New documents reveal that the several federal agencies have been operating surveillance flights over the United States since at least 2009.
The Electronic Frontier Foundation recently received new records related to the U.S. Marshals aerial surveillance program. The EFF filed a Freedom of Information Act lawsuit against the Department of Justice shortly after The Wall Street Journal revealed a cell-phone monitoring program operated by the U.S. Marshals Service. The program involved the Marshals using Cessna planes mounted with cell site simulators, also known as “Stingrays” or “dirtboxes”.
The EFF describes the Stingray as “a brand name of an IMSI (International Mobile Subscriber Identity) Catcher targeted and sold to law enforcement. A Stingray works by masquerading as a cellphone tower– to which your mobile phone sends signals to every 7 to 15 seconds whether you are on a call or not– and tricks your phone into connecting to it.”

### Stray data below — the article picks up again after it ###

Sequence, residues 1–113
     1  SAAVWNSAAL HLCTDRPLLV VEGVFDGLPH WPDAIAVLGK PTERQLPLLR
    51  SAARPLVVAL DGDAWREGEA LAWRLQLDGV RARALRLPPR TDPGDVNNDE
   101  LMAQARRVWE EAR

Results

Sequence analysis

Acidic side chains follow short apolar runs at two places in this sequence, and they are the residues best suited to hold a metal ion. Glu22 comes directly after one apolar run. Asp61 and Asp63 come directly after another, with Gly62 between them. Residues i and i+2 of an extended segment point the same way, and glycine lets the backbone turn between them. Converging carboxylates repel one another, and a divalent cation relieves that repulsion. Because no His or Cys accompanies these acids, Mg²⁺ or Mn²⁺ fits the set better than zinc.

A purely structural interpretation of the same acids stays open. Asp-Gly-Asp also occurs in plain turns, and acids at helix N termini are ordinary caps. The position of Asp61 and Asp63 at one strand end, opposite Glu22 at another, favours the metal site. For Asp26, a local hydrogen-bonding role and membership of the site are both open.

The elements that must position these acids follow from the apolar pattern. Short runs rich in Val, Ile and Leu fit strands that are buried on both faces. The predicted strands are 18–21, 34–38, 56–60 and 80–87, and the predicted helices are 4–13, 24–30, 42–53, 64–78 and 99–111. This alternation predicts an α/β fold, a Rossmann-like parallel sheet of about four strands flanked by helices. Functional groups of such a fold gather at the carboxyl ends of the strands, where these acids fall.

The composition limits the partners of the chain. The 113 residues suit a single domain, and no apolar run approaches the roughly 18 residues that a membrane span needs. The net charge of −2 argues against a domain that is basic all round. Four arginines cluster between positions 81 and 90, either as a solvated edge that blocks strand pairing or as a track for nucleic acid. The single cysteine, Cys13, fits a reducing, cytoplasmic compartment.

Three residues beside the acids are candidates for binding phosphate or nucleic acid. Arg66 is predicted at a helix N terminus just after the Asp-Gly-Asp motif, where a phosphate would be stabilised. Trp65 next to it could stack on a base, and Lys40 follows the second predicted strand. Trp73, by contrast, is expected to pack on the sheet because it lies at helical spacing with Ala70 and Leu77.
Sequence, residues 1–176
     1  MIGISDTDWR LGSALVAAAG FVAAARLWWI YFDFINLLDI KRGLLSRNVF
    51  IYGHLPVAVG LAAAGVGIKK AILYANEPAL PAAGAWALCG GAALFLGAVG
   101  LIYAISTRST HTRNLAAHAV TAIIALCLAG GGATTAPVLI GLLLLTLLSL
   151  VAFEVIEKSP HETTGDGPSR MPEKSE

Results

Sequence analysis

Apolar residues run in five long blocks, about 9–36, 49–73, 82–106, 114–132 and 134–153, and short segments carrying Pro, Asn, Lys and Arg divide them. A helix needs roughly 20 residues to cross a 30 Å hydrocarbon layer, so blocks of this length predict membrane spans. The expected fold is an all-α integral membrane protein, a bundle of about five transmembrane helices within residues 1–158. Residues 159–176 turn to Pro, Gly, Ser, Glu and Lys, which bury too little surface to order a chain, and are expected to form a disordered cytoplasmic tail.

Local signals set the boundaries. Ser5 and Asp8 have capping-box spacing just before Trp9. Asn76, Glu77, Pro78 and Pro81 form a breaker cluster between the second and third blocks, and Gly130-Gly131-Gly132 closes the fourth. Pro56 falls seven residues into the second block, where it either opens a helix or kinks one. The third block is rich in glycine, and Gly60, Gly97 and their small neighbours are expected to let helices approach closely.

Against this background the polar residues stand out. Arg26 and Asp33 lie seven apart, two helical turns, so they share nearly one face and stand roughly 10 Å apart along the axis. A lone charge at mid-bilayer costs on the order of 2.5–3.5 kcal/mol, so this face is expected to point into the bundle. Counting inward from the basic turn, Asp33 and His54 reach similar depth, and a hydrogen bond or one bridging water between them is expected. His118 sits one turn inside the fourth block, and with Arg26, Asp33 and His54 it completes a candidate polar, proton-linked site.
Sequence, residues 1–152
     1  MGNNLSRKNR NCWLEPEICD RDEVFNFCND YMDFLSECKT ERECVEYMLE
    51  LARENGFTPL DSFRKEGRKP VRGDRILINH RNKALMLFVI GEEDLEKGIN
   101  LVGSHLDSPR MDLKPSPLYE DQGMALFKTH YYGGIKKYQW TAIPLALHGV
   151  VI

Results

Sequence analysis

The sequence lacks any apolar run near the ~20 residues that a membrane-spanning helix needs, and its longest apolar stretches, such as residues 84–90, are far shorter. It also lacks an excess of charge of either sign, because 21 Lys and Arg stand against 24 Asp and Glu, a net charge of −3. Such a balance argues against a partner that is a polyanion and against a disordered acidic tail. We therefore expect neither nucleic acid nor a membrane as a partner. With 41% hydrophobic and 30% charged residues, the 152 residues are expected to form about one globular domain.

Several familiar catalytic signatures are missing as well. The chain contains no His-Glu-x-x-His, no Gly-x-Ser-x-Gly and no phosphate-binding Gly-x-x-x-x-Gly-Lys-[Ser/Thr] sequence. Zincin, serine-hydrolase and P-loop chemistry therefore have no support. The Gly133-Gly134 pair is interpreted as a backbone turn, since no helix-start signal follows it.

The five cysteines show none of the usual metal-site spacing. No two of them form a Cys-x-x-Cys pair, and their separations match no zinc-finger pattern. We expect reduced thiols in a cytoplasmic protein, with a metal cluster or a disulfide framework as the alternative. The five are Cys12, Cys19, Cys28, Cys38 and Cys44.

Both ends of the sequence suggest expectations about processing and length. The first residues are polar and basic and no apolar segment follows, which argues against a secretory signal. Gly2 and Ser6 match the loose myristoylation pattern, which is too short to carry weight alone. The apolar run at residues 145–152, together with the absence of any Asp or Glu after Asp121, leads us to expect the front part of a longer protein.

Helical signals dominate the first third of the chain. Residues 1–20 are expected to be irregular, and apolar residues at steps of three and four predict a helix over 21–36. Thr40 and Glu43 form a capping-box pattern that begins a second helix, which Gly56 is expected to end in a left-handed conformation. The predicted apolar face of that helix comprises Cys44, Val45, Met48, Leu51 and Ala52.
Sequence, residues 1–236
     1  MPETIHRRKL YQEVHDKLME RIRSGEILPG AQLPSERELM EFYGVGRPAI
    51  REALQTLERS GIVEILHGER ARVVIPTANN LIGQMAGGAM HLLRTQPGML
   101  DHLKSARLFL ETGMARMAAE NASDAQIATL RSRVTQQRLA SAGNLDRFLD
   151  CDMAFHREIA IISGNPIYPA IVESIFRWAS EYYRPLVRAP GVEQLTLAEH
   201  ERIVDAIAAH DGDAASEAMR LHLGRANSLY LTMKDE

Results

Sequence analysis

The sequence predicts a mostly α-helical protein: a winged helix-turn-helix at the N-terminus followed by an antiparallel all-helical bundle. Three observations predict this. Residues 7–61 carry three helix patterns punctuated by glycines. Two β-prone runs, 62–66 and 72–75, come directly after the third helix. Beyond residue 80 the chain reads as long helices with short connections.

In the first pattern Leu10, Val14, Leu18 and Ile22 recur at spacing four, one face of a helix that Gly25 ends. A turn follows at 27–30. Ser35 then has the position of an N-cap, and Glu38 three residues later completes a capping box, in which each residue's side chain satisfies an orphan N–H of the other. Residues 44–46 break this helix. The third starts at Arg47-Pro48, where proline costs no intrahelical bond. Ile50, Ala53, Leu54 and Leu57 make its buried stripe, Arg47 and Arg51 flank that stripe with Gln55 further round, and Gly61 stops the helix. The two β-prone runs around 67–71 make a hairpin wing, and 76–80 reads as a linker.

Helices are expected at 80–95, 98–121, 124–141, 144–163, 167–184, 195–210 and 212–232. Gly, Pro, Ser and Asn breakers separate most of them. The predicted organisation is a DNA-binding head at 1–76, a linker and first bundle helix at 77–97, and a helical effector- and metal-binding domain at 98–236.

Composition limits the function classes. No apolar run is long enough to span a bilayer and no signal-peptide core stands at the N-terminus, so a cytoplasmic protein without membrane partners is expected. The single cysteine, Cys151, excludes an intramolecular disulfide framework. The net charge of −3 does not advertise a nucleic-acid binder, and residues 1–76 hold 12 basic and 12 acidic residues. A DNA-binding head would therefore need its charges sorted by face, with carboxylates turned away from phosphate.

The device that is used for the Marshals aerial surveillance program is made by Digital Receiver Technology (DRT), which is where it gets the name “dirt box.” The dirt boxes are supposed to be used for criminal investigations, but the EFF and the American Civil Liberties Union say the devices can collect data from tens of thousands of innocent people on each flight.
The documents obtained by the EFF come from the U.S. Marshals, FBI, CIA, and the DOJ’s Criminal Division. Most of the information released is heavily redacted but there are some new details on how these programs are being operated.